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June 15, 2021


New to our newsletter: "Field Shots," turning the spotlight on past and present photographs of USGS fieldwork.

This article is featured in the Spring 2021 Edition of the Energy Quarterly Newsletter. 

Portage from Niukluk to Kruzgamepa River, Seward Peninsula, Alaska 1900
USGS has been taking photographs out in the field since the boom and redesign of the wooden field view cameras from 1870-1930. Alfred Hulse (A.H.)  Brooks was an early USGS pioneer in geology and photography. This 1900 photo is of a portage (the carrying of a boat or its cargo between two navigable waterways) by the Brook's party from Niukluk to Kruzgamepa River, Seward Peninsula in Alaska. Brooks is in the forefront (right), holding a paddle. A.H. Brooks was a geologist who wrote many USGS publications on minerals. However, periodically, he noted observations on energy, "Alaska is still dependent on imported petroleum, though she contains valuable oil fields now under development under the leasing law of 1920. It is to be expected that Alaska will soon supply her own mineral fuels." (USGS Bulletin 773-A, 1925).
Photograph of the Brooks Range (Gwazhał, in Athabaskan) that was named in 1925 by the United States Board on Geographic Names after Alfred Hulse (A.H.) Brooks, chief USGS geologist for Alaska from 1903 to 1924. This photo is a view southward from Fortress Mountain Formation on Atigun syncline towards the Brooks Range. In the distance are the Trans-Alaska Pipeline, haul road, and Galbraith Lake in the valley. Location in Brooks Range foothills, about 90 miles southeast of Umiat.    Visit our website: Alaska Petroleum Systems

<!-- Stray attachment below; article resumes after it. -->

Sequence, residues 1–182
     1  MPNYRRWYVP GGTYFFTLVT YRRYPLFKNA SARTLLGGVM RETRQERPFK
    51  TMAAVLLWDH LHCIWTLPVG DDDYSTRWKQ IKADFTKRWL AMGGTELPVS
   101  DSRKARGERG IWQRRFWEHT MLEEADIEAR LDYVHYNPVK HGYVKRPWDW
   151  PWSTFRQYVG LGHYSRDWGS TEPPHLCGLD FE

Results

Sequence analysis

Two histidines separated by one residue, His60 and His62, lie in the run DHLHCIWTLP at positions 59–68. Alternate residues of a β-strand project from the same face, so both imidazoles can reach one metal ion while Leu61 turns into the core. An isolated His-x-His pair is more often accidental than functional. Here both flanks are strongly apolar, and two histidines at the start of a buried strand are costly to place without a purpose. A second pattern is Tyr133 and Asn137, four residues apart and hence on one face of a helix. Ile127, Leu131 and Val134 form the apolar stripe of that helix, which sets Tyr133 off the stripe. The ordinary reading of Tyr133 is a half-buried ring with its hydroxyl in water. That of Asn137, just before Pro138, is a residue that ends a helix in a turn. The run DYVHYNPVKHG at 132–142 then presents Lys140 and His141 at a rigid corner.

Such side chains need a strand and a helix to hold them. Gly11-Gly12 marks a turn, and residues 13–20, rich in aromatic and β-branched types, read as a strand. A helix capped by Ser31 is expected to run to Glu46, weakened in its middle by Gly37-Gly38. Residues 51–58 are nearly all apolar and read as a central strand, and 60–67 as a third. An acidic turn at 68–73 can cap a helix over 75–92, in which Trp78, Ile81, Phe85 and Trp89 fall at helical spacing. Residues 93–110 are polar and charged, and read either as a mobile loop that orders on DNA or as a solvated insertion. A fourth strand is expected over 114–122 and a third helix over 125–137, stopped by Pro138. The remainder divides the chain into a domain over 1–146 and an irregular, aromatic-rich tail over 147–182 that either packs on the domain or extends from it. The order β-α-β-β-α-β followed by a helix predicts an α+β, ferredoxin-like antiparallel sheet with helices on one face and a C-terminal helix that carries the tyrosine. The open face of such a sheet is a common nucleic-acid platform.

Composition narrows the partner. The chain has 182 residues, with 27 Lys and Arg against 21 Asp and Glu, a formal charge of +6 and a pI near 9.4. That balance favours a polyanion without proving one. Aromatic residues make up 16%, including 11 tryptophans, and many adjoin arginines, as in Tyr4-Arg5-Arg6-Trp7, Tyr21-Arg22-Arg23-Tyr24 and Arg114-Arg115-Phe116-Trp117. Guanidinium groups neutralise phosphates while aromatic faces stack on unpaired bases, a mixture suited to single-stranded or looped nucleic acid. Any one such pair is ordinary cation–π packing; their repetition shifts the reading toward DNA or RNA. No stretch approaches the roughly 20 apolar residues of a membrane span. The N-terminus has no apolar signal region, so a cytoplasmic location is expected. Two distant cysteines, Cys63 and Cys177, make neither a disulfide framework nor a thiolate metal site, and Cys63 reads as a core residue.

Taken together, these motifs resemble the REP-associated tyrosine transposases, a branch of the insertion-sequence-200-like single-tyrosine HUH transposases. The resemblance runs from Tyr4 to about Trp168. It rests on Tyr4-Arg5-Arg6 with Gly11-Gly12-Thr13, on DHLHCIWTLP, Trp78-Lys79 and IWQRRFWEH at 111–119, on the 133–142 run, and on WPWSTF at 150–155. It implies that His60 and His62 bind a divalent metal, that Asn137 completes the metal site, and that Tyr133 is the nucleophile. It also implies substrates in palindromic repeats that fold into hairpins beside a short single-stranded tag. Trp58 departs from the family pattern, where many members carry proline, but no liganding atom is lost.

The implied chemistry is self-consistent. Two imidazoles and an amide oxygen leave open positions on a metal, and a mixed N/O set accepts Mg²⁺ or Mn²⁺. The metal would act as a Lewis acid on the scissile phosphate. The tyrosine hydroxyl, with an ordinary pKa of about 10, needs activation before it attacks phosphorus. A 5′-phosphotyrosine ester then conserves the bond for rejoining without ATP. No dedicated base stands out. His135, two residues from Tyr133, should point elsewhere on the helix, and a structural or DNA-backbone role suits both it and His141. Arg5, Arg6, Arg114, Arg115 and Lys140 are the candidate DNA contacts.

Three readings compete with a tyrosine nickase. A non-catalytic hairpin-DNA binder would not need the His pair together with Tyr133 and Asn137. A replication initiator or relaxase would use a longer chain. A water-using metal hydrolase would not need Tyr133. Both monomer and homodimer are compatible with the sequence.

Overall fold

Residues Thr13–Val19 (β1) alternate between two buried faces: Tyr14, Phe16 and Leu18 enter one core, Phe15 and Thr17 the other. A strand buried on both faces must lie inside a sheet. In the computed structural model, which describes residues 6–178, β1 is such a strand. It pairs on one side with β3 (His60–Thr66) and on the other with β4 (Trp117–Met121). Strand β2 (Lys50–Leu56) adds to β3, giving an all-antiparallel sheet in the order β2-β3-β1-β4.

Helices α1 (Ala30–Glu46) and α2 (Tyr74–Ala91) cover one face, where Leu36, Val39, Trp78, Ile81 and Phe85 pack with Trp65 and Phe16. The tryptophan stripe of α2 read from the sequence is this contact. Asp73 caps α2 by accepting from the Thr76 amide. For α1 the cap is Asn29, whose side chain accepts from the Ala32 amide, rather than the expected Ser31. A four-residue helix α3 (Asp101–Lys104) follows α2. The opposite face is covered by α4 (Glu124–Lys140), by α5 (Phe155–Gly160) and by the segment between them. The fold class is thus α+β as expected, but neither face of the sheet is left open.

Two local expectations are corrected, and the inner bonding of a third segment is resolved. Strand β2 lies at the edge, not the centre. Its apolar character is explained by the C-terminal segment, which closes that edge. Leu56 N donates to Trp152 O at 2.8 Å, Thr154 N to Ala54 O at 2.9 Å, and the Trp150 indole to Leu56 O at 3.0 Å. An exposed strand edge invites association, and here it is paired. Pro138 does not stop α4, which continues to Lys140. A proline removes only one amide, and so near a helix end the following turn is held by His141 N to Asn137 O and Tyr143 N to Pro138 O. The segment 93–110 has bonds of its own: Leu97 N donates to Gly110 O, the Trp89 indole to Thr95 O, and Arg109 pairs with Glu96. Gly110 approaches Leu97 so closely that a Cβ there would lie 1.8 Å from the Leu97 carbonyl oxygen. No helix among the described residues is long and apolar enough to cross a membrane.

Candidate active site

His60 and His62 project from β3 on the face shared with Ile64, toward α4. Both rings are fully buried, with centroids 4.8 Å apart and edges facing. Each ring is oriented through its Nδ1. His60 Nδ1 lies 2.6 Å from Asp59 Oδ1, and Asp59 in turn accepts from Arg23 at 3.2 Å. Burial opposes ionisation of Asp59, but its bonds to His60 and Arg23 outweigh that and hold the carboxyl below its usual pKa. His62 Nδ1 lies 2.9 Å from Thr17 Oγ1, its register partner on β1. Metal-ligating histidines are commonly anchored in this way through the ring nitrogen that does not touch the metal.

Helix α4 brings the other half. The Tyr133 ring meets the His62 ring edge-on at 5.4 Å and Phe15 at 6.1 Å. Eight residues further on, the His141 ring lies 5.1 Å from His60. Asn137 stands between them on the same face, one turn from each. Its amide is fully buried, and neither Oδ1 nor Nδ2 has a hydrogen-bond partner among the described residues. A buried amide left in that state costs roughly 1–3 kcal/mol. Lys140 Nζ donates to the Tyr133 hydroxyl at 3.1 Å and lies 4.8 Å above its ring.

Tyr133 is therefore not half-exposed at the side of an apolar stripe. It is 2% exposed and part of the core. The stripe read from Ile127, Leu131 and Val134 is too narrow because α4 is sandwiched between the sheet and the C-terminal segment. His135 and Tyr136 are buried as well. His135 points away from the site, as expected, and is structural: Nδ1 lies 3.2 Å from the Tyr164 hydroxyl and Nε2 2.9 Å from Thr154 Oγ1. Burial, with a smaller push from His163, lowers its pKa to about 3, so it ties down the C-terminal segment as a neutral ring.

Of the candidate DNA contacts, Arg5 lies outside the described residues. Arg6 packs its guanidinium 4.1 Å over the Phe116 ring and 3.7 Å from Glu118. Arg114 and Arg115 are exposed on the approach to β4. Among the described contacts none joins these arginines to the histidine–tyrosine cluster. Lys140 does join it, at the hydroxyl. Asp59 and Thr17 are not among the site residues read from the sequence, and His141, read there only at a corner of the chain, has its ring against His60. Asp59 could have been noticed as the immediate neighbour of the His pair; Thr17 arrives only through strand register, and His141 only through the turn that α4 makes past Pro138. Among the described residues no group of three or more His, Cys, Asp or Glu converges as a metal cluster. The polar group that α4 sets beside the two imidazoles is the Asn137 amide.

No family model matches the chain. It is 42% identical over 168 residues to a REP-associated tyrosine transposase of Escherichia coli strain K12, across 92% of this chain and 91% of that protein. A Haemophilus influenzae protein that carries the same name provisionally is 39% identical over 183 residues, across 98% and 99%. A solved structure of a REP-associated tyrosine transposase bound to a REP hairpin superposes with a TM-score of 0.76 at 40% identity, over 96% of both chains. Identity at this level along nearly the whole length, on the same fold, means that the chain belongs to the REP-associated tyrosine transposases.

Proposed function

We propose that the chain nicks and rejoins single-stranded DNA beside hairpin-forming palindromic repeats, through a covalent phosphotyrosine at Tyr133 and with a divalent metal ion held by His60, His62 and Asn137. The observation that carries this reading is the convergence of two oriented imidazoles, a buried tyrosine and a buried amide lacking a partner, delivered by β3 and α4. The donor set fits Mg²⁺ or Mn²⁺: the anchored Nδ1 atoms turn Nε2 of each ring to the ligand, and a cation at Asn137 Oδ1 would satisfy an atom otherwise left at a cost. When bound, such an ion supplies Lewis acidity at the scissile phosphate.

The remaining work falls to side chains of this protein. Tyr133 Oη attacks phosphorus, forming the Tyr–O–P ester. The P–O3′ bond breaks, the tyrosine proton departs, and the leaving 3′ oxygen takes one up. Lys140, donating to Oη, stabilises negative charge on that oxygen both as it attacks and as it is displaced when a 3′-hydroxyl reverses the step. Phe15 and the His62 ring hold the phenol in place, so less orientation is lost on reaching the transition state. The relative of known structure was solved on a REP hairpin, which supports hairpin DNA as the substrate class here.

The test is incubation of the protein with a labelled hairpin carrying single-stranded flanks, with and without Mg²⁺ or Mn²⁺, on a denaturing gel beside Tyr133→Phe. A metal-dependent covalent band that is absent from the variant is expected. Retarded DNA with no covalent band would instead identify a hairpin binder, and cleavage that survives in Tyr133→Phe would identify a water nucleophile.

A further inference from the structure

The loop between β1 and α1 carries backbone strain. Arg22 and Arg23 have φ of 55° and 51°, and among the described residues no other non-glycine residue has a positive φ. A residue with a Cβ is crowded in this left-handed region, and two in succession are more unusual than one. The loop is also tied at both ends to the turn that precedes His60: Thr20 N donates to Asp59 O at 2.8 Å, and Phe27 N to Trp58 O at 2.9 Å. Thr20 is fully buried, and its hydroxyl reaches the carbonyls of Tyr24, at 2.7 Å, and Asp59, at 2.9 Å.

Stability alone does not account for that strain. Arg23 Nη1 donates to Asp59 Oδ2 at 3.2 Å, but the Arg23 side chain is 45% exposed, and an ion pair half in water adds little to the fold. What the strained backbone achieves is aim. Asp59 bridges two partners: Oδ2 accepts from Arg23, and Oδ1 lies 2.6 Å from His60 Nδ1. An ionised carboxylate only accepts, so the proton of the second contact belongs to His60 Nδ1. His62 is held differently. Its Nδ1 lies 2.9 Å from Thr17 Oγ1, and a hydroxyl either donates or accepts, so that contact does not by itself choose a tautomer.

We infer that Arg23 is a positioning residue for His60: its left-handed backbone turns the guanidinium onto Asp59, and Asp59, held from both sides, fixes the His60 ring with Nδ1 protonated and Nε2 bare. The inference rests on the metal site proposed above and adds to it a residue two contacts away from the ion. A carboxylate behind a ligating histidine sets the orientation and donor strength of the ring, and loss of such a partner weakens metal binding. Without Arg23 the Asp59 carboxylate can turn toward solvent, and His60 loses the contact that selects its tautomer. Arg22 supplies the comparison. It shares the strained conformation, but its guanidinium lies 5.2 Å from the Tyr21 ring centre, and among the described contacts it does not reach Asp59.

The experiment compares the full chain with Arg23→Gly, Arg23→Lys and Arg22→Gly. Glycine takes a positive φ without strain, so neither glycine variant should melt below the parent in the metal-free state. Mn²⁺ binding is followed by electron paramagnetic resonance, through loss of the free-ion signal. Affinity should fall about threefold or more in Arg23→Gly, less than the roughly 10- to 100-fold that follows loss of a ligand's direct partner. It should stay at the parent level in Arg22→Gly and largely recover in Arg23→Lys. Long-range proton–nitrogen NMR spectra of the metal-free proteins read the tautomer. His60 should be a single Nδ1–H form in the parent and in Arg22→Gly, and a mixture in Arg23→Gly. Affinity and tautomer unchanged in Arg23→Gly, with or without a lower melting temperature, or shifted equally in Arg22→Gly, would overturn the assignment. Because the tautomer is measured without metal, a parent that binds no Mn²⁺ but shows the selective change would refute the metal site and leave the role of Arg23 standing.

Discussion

Image shows a group of people standing on the bow of a ship
In June 2019, USGS scientists led a 22-day deep-sea research expedition aboard the R/V Falkor to examine methane seep dynamics and processes along the Cascadia Margin offshore of Washington and Oregon.  The shiptime and ROV support was awarded to Carolyn Ruppel, Ph.D., USGS WHCMSC, by Schmidt Ocean Institute during a national proposal competition in 2017. Dr. Ruppel invited several partner institutions (Federal and academic) to execute the expedition, and each of these partners provided science support in the form of labor, supplies, and research gear. In addition, the U.S. Department of Energy’s National Methane Hydrates R&D Program provided support for some aspects of the science through its interagency agreement with the USGS Gas Hydrates Project. Read More:Bringing the Bubbles Home: Wrapping up the Cruise and Charting the Way ForwardSeafloor Methane Seeps at the Edge of Hydrate Stability
Image: Sampling fumarole
USGS scientist Deborah Bergfeld collects a gas sample from a fumarole on the flank of Akutan Volcano, Akutan Island, Alaska. During July 2012 the geochemistry of the hot springs on Akutan Island was studied in detail for the first time since the early 1980s. The results from this study document higher concentrations of hydrothermal components in the hot spring waters and an increase in water discharge from the hot spring system. (Potential Geothermal Resources for Akutan, Alaska, 2014)Visit our website: Geothermal Energy